Uvah,Josaphat_211

Dr. Josaphat Uvah

  • Position:  Professor
  • Department:  Mathematics and Statistics
  • Office Location:  Building 4, Room 346
  • juvah@uwf.edu
  • Campus: 8504742857

Biography:

Dr. Josaphat “Jossy” Uvah is a Professor in the Department of Mathematics and Statistics, where he has taught graduate and undergraduate courses since 1990. His research explores differential and integral equations, nonlinear dynamical systems, mathematical modeling of real-life situations such as true altitude, and impulsive hereditary phenomena to include automatic landing gear for airplanes and supersonic gas flow. Uvah’s studies have also examined the design, implementation and assessment of synchronous distance M.S. Mathematics programs, and students’ readiness for, and performance in, general education mathematics and statistics courses.

His refereed publications appear in reputable outlets including Journal of Mathematical Analysis and Applications, Journal of Nonlinear Analysis: Hybrid Systems, Applicable Analysis, Journal of Computers and Mathematics with Applications, US-China Education Review, and Journal of Mathematical Sciences and Mathematics Education. Aside from addressing many academic conferences on various topical issues, Uvah reviews manuscripts for publication in Journal of Differential Equations, Journal of Mathematical Modeling and Applied Mathematics letters. He holds a Ph.D. in Applicable Mathematics from the University of Louisiana-Lafayette. He earned an M.S. in Mathematics from the University of Illinois, an M.Sc. in Applied Mathematics from the University of Jos in Nigeria and a B.Sc. in Mathematics and Statistics from the University of Nigeria.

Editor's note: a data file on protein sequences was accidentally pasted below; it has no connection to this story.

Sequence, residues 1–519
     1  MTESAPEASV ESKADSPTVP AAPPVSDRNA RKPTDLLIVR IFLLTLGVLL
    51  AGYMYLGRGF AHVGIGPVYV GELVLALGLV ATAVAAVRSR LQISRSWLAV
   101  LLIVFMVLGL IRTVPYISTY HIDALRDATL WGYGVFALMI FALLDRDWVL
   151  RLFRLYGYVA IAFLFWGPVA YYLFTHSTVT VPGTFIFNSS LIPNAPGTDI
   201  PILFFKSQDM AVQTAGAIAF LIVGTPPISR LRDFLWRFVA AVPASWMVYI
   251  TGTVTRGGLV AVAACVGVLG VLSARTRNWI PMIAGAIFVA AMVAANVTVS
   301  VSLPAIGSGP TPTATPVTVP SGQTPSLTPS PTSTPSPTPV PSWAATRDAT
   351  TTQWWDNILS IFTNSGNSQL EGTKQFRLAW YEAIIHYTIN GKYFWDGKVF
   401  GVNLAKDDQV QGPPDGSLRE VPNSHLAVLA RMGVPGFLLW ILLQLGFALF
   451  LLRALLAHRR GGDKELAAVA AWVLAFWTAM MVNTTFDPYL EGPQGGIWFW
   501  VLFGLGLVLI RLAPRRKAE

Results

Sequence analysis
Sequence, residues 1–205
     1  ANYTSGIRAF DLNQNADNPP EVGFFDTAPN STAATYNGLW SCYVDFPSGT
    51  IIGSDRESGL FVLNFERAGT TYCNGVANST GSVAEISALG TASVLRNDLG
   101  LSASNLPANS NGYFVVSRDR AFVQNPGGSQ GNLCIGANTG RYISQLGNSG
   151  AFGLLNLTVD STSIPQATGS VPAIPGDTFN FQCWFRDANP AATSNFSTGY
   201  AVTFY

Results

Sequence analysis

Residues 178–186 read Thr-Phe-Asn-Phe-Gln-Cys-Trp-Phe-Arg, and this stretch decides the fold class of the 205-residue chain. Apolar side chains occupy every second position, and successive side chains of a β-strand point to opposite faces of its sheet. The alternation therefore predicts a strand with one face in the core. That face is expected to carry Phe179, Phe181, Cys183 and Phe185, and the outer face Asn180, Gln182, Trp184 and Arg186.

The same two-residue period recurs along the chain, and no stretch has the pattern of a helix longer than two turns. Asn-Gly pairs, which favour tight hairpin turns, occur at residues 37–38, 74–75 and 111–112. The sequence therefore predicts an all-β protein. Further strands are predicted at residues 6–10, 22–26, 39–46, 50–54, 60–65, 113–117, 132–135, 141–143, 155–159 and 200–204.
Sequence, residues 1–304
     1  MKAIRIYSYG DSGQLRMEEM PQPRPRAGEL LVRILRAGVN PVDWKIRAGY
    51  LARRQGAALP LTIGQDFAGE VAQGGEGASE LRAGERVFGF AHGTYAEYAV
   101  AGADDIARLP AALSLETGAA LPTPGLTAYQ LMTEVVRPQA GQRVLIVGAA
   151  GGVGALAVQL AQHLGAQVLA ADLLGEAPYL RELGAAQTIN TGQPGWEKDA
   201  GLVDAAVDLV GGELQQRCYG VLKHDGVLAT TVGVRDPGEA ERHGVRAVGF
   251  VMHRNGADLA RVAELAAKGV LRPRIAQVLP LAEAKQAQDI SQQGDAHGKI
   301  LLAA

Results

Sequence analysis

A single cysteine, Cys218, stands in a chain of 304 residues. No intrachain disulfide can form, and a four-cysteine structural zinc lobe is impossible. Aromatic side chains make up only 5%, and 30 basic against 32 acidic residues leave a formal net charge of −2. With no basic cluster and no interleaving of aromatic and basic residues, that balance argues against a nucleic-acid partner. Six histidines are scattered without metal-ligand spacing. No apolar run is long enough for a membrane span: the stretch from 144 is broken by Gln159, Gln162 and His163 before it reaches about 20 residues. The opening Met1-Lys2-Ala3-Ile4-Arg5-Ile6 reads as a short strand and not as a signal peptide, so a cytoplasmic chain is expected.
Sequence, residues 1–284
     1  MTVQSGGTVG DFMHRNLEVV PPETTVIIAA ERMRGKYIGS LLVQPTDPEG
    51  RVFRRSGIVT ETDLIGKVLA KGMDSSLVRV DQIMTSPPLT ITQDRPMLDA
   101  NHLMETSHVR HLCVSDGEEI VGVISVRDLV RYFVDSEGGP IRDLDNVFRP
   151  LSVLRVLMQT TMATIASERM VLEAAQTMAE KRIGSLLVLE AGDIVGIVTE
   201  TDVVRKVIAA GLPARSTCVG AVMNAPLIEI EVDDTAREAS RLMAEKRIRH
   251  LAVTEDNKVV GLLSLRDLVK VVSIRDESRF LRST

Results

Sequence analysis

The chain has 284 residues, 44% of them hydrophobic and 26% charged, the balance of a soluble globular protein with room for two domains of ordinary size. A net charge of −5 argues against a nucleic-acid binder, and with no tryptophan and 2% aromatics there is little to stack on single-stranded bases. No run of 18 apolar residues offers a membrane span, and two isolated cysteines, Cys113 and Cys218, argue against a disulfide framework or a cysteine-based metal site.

Degrees & Institutions:

Ph.D. Applicable Mathematics, University of Louisiana-Lafayette
M.S. Mathematics, University of Illinois
M.Sc. Applied Mathematics, University of Jos in Nigeria
B.Sc. Mathematics and Statistics, University of Nigeria.

Research:

His research explores differential and integral equations, nonlinear dynamical systems, mathematical modeling of real-life situations such as true altitude, and impulsive hereditary phenomena to include automatic landing gear for airplanes and supersonic gas flow.


Keywords: differential and integral equations, nonlinear dynamical systems, mathematical modeling, true altitude modeling and automatic landing gear for airplanes, supersonic gas flow, impulsive hereditary phenomena, phosphorous diagenesis, predicting performance in statistics courses, synchronous distance teaching for Mathematics graduate students, and students’ readiness for College Algebra